“The Pal­adin soft­ware was devel­oped and is now main­tained here at Picatin­ny, the same holds for the M777A2 How­itzer. Now, the soft­ware asso­ci­at­ed with the dig­i­tized M119A2 will also claim its roots at Picatin­ny. The same gov­ern­ment lab will have respon­si­bil­i­ty for the soft­ware on all three Army artillery pieces, some­thing that our user, TCM-BCT (TRADOC Capa­bil­i­ty Man­ag­er for Brigade Com­bat Teams) has been push­ing for,” Good­ing said. 

Maj. Jesse Tay­lor, the user rep­re­sen­ta­tive for the M119A2 at Fort Sill, has been work­ing with Picatin­ny to ensure that the upgrades meet user requirements. 

“The M119A2 is the last how­itzer to be dig­i­tal­ized, so what that tells me from a bat­tal­ion commander’s view is that I don’t have to wor­ry about a guy com­ing from a sys­tem that is not dig­i­tized. It’s less time to train,” Tay­lor said. 

“If you’re train­ing on how­itzers that share the same base code, the dif­fer­ence in train­ing require­ments across plat­forms is min­i­mized and the flex­i­bil­i­ty of the artillery­men to move from plat­form to plat­form is sim­pli­fied and increased,” Good­ing added. 

Using sim­i­lar soft­ware also made the upgrades less expen­sive because sep­a­rate devel­op­ment efforts and teams were not needed. 

“Since we reused 90 per­cent of the soft­ware asso­ci­at­ed with the M777A2, we saved about $7 mil­lion devel­op­ing the code,” Good­ing noted. 


Andy Mcfadzean was the ARDEC Sys­tems Engi­neer who over­saw the inte­gra­tion of the dig­i­tal fire con­trol com­po­nents onto the four M119 ear­marked for Inte­gra­tion Testing. 

His team was respon­si­ble for devel­op­ing and val­i­dat­ing the Mod­i­fi­ca­tion Work Order, or MWO, which doc­u­ments a repeat­able process for inte­grat­ing the dig­i­tal fire con­trol onto the howitzer. 

Facil­i­ties in Build­ing 92 at Picatin­ny were con­vert­ed into a main­te­nance type envi­ron­ment where the how­itzers, the dig­i­tal fire con­trol equip­ment and the inte­gra­tion doc­u­men­ta­tion were all housed for a three-week period. 

Dur­ing this time, the ARDEC engi­neer­ing com­mu­ni­ty trans­formed the M119A2 pro­duc­tion how­itzers into dig­i­tized weapons. The detailed, step by step sequence of events required to inte­grate the dig­i­tal fire con­trol onto the how­itzers were proven out by the team at ARDEC and doc­u­ment­ed in the MWO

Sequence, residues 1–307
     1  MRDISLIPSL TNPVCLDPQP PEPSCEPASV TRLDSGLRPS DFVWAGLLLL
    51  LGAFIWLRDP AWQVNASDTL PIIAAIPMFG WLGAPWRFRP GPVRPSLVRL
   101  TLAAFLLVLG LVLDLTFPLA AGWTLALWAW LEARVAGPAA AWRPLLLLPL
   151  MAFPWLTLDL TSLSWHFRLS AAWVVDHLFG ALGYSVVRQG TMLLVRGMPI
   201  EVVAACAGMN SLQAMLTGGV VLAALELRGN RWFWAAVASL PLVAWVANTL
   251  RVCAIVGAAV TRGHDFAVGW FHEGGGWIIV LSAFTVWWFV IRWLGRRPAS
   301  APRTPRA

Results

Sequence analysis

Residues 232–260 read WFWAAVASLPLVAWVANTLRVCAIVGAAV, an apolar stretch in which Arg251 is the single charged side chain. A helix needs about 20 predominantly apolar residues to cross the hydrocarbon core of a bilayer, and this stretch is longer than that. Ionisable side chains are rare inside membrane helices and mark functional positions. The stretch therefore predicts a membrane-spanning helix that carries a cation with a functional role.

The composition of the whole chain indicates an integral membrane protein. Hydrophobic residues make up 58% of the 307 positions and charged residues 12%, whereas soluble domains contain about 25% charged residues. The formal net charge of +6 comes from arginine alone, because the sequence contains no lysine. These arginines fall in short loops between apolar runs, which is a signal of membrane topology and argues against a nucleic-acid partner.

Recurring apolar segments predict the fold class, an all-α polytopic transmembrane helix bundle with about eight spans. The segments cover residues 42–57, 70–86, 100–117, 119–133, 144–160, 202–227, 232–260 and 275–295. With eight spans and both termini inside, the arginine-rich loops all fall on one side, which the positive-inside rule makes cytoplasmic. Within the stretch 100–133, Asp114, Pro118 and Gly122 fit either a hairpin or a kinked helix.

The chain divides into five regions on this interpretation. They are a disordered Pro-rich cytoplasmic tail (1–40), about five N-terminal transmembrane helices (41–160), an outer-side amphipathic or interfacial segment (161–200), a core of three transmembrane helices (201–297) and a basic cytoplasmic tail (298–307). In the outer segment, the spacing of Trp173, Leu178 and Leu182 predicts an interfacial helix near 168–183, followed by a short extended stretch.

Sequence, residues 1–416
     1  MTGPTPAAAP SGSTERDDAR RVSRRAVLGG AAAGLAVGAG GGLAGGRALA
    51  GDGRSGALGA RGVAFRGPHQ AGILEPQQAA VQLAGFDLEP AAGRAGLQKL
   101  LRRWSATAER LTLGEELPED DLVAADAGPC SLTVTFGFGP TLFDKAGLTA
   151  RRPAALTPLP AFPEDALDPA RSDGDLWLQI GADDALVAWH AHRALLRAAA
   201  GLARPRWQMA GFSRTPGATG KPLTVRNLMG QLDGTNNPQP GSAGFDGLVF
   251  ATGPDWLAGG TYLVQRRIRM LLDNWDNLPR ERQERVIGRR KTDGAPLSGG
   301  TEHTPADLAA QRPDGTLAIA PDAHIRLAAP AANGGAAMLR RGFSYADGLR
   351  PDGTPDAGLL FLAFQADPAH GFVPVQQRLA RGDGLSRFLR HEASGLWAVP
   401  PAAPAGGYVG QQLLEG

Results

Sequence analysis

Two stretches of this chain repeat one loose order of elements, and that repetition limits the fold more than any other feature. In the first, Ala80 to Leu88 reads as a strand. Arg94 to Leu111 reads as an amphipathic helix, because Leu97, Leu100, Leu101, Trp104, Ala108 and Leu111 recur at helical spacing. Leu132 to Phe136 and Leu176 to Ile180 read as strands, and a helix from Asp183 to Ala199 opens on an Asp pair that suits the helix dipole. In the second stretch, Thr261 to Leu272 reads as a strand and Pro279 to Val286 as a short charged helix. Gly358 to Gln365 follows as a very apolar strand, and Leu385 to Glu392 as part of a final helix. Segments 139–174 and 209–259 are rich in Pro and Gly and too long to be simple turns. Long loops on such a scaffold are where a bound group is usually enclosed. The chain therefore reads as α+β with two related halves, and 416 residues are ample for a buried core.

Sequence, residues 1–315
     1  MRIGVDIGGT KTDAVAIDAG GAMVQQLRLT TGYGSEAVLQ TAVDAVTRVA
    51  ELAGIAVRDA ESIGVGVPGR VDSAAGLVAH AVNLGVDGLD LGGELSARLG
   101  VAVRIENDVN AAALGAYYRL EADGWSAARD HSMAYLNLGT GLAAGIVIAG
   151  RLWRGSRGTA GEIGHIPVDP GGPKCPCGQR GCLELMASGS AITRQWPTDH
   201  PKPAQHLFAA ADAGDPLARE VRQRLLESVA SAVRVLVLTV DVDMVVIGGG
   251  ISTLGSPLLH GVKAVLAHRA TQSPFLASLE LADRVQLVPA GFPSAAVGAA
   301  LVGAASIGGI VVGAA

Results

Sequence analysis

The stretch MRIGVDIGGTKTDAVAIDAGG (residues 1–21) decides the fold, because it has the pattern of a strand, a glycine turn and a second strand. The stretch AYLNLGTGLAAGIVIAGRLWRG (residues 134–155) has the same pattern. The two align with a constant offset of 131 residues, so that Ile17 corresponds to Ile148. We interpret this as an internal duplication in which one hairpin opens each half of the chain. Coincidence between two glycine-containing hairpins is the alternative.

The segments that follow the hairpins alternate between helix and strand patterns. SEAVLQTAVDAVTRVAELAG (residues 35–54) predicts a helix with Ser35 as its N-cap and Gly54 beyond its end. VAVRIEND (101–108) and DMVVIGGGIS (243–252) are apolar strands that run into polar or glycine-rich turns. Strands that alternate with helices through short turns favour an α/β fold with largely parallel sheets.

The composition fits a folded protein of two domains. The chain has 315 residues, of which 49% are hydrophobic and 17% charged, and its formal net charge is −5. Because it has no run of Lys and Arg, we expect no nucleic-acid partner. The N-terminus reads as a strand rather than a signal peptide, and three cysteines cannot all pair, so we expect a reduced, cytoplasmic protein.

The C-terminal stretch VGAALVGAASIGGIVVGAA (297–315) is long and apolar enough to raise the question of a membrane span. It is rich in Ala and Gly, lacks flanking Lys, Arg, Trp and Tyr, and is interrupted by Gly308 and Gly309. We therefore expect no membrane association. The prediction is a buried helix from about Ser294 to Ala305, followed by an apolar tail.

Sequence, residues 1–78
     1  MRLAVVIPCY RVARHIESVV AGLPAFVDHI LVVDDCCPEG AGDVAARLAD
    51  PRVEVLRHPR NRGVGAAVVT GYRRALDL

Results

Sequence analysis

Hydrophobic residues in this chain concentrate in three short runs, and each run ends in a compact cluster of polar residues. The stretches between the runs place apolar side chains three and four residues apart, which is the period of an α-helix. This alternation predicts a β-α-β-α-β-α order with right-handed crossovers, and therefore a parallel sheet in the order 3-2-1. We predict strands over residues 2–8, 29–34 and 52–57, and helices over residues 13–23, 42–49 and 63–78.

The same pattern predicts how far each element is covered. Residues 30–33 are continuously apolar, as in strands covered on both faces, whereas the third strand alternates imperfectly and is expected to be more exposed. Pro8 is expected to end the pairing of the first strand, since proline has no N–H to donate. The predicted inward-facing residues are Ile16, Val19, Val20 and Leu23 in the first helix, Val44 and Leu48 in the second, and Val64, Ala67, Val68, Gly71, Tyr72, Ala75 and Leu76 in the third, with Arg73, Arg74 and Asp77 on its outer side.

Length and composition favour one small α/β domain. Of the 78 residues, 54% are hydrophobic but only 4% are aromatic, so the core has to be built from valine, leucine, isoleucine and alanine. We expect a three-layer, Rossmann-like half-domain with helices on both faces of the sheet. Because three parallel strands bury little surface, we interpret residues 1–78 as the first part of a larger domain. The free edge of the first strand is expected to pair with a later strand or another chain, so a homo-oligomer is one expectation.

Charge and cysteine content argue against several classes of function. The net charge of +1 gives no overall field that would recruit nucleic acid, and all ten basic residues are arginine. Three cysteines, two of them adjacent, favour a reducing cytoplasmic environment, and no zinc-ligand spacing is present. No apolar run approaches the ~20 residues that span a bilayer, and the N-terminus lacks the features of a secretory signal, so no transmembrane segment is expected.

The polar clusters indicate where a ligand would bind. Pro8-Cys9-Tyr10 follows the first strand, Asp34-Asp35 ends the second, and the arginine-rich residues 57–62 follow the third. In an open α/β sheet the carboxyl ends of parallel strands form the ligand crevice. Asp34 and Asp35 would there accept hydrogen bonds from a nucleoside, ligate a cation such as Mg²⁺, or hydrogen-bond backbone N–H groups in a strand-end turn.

The end result is how­itzers ready for Inte­gra­tion Test­ing and a val­i­dat­ed MWO which will be used as the baselin­ing doc­u­ment to dig­i­tize all M119A2s once test­ing is completed. 

“There was a lot of engi­neer­ing rig­or used to not only devel­op the hard­ware inte­gra­tion plan, but also to devel­op the repeat­able pro­duc­tion process­es that are used to inte­grate the dig­i­tal fire con­trol onto the weapon,” Good­ing added. 


The pro­gram is cur­rent­ly fund­ed to retro­fit 603 weapons with the dig­i­tal fire-con­trol system. 

“We’ve still got a lot of work to do,” said Joe Lip­in­s­ki, prod­uct man­ag­er for the M119. “We have start­ed safe­ty tests in Octo­ber, and that will allow us to go to oper­a­tional tests next June. Then we will go into Type Clas­si­fi­ca­tion and Mate­r­i­al Release this time next year, which would allow us to go into pro­duc­tion and retro­fit the weapons.” 

For safe­ty test­ing, how­itzers will be sent to: 

Yuma Prov­ing Ground, Ariz., where engi­neers will over­see air-drop tests and fir­ing tests. 

Aberdeen Prov­ing Ground, Md., for tow­ing and trans­porta­bil­i­ty testing. 

White Sands Mis­sile Range, N.M., for elec­tro­mag­net­ic inter­fer­ence testing. 

Dug­way Prov­ing Ground, Utah, for nuclear, bio­log­i­cal and chem­i­cal test­ing to ensure that the weapon can be exposed to chem­i­cals, cleaned off and still be safe to use. 

After safe­ty test­ing, oper­a­tional test­ing begins. Sol­diers will fire more than 9,000 rounds. PEO Ammu­ni­tion is to begin field­ing the dig­i­tized M119A2 in ear­ly 2013. 

US Army